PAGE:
Archive for March, 2011

Week 1!

Olympic Mountains from Lime Kiln

Hello all!  My name is Mandy, and I am a 3rd year Wildlife Ecology major from the University of Maine.  We are already a week into the Spring ’11 Beam Reach program, and it would be an understatement to say that it’s been an eventful week so far.

We started our week off with a trip to Lime Kiln State Park (also known, appropriately so, as Whale Watch State Park).  The State Park was absolutely GORGEOUS.  It was a beautiful, sunny day, and you could see the Olympic Mountains towering over the water (above).  Just as some background information about the park, it was mined for limestone to make into concrete back in the late 18 to 1900s.  Kilns were built at the park to produce lime.  This resulted in a lot of deforestation on the island, as trees needed to be cut down to keep the fires in the kiln going.  Now, however, the forests are coming back, especially in the park area.  We got to walk back and see one of the kilns that’s still standing, which was very cool.

So at any rate, we went to the park to brainstorm and discuss questions.  We got to sit out on the rocks, in this beautiful setting, and come up with questions, then moved inside to the warmer lighthouse to discuss our questions with everyone.  It was as we were discussing our questions that it happened.  Kelsey was talking to Scott about one of her questions, when all of a sudden she stopped talking, left her mouth hanging open, and just kind of stared off out the window over Scott’s shoulder.  Then her eyes got huge.  It was most definitely the face of someone who had seen something.  Turns out, she hadn’t just seen something, she had seen ORCAS!  We all promptly grabbed binoculars and ran outside.  There was a group of what turned out to be about 9 whales.  We watched them a bit from the Light House, then ran and hopped into the car and journeyed up to Val’s house.  We got there just in time, as they were passing right by.  They were a ways out, but they were lunging and were definitely visible.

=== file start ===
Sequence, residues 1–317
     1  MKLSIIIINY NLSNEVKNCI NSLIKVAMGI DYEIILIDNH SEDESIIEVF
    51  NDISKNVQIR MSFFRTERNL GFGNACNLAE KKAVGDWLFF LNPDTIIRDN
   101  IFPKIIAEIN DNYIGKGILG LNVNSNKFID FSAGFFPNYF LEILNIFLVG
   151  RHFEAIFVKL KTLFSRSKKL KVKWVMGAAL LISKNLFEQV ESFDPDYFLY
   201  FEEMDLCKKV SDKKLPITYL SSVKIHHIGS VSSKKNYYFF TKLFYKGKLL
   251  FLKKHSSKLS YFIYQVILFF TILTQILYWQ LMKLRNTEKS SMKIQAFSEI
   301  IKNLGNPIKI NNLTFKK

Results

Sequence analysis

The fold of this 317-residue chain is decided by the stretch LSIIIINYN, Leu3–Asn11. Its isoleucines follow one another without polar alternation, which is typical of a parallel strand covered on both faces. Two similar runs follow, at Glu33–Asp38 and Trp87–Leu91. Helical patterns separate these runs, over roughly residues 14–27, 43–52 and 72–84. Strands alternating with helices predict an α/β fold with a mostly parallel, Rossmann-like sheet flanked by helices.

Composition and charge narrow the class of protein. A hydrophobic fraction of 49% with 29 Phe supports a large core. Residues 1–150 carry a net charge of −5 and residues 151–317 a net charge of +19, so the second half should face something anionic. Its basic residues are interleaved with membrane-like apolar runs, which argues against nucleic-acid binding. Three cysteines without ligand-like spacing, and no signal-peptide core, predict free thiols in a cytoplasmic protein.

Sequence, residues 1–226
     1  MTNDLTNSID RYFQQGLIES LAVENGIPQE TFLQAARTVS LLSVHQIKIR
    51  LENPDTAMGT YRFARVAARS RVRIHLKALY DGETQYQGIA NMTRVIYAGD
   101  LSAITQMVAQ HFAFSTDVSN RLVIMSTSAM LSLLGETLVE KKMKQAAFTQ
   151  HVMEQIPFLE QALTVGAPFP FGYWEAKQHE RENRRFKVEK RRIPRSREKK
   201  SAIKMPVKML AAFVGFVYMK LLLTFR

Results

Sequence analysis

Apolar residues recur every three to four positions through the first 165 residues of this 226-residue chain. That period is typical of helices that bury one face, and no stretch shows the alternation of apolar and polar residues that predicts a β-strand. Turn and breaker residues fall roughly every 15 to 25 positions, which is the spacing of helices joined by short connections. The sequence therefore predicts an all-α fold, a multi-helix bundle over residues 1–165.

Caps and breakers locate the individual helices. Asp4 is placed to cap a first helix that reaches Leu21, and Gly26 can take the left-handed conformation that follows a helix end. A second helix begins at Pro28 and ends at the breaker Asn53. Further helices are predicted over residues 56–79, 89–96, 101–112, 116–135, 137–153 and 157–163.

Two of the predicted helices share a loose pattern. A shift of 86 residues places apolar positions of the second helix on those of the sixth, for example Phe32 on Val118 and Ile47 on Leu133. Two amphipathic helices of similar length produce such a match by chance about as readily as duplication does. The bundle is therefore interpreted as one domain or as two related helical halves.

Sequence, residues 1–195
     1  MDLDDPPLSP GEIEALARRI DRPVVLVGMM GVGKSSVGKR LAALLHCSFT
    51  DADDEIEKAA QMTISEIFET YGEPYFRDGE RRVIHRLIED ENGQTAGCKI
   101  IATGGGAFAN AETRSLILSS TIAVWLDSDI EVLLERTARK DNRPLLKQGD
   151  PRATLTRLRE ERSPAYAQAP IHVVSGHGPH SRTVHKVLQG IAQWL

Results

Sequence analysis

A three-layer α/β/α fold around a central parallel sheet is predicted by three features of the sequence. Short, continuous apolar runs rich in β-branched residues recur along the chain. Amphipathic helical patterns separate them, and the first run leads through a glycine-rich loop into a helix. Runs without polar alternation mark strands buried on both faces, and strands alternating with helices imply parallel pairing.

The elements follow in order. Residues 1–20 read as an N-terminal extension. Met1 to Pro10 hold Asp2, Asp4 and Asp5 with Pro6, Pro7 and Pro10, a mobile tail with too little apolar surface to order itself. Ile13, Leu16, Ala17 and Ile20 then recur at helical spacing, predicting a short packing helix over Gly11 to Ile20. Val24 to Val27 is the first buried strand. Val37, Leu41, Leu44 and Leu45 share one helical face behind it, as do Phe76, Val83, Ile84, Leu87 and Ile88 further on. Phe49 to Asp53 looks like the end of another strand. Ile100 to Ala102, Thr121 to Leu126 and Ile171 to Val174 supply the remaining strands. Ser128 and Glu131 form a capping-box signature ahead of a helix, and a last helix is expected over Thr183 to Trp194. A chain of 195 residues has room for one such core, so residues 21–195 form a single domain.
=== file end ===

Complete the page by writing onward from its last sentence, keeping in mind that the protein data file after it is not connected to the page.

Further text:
It was awesome because, not only were they killer whales, but they were transients!  Apparently there was about a 1 in a 1,000 chance that we would ever see them.  The hydrophone never picked up any calls, so we were very lucky that Kelsey happened to be looking in the right place at the right time.  We were also mentioned (although not by name) in a blog by Jeanne (check it out), who we all hope to meet soon!

So, for those of you who don’t know, there are three different ecotypes of killer whales found in these waters.  The first is residents (such as the beloved Southern Resident killer whales (SRKW) that we will be focusing our research efforts on, as well as the Northern Residents).  The resident pods are fish-eating pods.  They eat primarily Chinook salmon.  Our SRKWs are found in three pods: J, K, and L.  They are known for being quite vocal (which makes them prime candidates for bioacoustic research).  In contrast, transients are mammal-eating.  They are usually found in smaller pods, and are usually much quieter then residents are.   Then there are the offshore killer whales.  Although believed to be genetically closest to residents, very little is known about offshores.  They are usually found in large groups out in more open water, and it is believed that they feed on sharks and other fish.  Offshores are also typically smaller than the other two ecotypes, and they make strange and haunting calls (Offshore calls were recently picked up on hydrophones in our area, and were recorded by Jan Twillert from Holland, an active listener of the hydrophone network maintained by Paul and Helena Spong at the north end of Vancouver Island).